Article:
What is sales territory mapping?
On its face the term “sales territory mapping” seems pretty straightforward. You have sales territories that you’re plotting out on a map. But to really appreciate the strategy involved in sales territory mapping, it’s important to understand how territory mapping has evolved over time and what it looks like today.
The most important thing to remember is that territory mapping is the foundation of your overall customer segmentation strategy
Back in the days before complex B2B sales were as prominent as they are today, geographic parameters were the primary factor in sales territory planning. While geos still play a major role in most organizations’ territory plans these days, there are many more layers that can be built into a territory plan — industry, company size, etc. But before jumping to all the different inputs for a territory plan — the most important thing to remember is that territory mapping is the foundation of your overall customer segmentation strategy.
So, territory planning is the art and science of understanding where your customers are and how to best reach them on their buying journeys. The flip side of this, of course, is that territory planning is the art and science of dividing up your entire market so that your team can effectively sell into it. Further, for sales reps, their territory is a book of potential business — which equates their opportunities to have a productive and profitable year. With that context, the map is, essentially, the medium for the larger segmentation strategy. (And, if you use a territory mapping software, it provides an interactive experience and way to carve and do what-if planning as you build your plan.)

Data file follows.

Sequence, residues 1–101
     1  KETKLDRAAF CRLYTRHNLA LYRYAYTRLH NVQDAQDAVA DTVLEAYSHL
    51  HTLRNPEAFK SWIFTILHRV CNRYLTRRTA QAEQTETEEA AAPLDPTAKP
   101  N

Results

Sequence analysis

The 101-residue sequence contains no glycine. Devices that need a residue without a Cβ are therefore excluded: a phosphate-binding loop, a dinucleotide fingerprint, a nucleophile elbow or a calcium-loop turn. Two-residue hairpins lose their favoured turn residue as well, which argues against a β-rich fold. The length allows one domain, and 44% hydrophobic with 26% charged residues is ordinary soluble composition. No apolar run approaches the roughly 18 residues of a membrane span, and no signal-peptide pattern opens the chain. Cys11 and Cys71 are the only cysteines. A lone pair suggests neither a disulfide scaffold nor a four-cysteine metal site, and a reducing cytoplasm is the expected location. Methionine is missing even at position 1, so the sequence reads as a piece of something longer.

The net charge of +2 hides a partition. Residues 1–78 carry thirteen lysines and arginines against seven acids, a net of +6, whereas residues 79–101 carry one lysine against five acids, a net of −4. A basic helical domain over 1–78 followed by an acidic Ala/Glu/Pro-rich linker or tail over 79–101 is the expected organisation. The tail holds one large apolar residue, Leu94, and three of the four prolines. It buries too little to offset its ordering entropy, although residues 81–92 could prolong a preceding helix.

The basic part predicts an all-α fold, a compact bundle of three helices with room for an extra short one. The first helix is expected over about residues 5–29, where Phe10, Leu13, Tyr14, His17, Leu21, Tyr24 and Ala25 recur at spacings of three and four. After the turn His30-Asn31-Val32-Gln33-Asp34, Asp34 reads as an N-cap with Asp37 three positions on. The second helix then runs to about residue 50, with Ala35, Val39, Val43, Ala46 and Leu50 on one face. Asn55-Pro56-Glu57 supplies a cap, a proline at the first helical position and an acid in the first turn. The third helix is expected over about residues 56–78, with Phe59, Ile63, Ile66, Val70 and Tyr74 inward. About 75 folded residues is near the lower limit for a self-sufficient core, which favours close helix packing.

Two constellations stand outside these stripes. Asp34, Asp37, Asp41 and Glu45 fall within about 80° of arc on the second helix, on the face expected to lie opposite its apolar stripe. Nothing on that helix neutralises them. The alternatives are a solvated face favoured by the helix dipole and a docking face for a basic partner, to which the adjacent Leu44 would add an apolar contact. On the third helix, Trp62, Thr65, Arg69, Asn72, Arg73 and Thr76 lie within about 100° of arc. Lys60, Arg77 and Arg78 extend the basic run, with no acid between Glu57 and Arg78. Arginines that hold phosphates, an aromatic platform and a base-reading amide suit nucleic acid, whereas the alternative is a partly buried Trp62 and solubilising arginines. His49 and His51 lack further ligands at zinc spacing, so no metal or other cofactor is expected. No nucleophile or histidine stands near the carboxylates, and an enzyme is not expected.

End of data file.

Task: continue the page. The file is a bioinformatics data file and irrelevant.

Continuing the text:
Why do you need sales territories?
When companies are smaller, the most common way of assigning accounts to sales reps is to use a round-robin approach. Anecdotally — we’ve heard of some organizations who, in their early days, assigned accounts to reps in alphabetical order. And for smaller sales teams, this can work just fine. Disputes can easily be solved by the manager, and the sales efforts can progress.
Unfortunately, a round-robin system breaks down as soon as you start to scale. The primary reason for this is that scaling implies growing your outbound selling motion. When you transition from primarily inbound to a focus on outbound, it becomes critical to give sales reps a book of business. From a sales rep’s perspective, this is a guarantee that they have a fair chance at earning a living. From a business perspective, territories are key to creating efficiency and measuring success.
Here are three key ways territories create efficiency and ways to measure success: